More Than a Day Off?

Presidents Day at the museum has a whole new meaning, now that there's a brother on the wall.


Living in America - eye to eye, station to station

Living in America - hand to hand, across the nation

Living in America - got to have a celebration…

You might not be looking for the promised land,

but you might find it anyway.

—James Brown, “Living in America

Black patriotism has always been a complicated thing. It’s hard to love a country that doesn’t love you back. Perhaps this Presidents Day will be different.

Wander into the presidential gallery at the National Museum of American History, and this is what you will see: A timeline sprawling over a giant, curving wall. Stretching across it are portraits of pale presidential faces, from George the first to George the 43rd. And then, over there, way at the end, is the decidedly brown visage of Barack the 44th. It’s a visceral hit; a visual confirmation that the past is indeed prologue, and the present has only just begun.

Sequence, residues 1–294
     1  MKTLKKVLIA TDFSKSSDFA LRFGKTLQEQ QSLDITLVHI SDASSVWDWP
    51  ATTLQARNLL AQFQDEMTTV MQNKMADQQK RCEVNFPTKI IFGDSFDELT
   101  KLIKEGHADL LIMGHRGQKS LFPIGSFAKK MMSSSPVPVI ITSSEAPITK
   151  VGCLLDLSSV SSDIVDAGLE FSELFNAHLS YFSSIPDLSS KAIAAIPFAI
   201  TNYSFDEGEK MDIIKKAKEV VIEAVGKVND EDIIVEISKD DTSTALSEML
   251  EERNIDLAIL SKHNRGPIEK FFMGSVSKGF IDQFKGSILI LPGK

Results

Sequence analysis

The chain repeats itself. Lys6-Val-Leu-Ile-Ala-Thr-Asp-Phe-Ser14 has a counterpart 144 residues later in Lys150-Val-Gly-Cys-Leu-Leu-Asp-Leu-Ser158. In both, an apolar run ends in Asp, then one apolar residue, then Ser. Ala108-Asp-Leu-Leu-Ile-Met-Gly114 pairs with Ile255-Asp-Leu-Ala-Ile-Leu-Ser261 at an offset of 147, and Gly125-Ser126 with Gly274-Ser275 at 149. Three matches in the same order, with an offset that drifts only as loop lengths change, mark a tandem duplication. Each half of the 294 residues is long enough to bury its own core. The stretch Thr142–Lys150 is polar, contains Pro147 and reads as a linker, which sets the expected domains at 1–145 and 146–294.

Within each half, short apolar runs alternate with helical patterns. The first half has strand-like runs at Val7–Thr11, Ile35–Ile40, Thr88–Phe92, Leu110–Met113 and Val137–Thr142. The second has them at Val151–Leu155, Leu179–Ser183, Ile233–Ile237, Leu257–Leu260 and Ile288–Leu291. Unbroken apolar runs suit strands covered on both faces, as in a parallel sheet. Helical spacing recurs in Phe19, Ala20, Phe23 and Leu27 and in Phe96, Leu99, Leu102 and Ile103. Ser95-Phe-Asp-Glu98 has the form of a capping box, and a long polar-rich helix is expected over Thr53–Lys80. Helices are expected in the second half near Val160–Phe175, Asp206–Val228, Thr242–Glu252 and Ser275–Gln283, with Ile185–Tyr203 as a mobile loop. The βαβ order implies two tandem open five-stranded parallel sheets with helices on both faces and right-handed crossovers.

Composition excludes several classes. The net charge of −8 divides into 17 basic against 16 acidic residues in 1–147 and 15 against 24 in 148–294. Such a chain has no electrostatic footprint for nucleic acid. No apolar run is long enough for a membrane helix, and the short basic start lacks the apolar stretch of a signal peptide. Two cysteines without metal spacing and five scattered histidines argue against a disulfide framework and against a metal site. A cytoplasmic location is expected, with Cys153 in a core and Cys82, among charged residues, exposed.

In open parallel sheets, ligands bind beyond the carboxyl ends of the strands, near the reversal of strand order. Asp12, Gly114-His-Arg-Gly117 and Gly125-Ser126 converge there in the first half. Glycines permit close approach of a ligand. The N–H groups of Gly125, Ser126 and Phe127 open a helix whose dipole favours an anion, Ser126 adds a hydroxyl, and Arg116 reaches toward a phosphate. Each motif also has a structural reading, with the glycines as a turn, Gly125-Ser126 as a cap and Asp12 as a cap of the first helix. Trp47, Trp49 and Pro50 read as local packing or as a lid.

There, visitors stop, stare, pose for pictures with the presidential headshot. This impromptu photo-op, say the black folks who work at the museum—the curators, the historians, the security guards—isn’t something that you saw before. People just didn’t pause to pose with say, Warren G. Harding or Grover Cleveland, or even old Abe, celebrating his 200th last week. This, they say, is something different. A first. A shift.

“You can feel the enthusiasm,” says Reuben Jackson, 52, the museum’s associate curator and archivist. “It’s not some old white guy with a powdered wig.”

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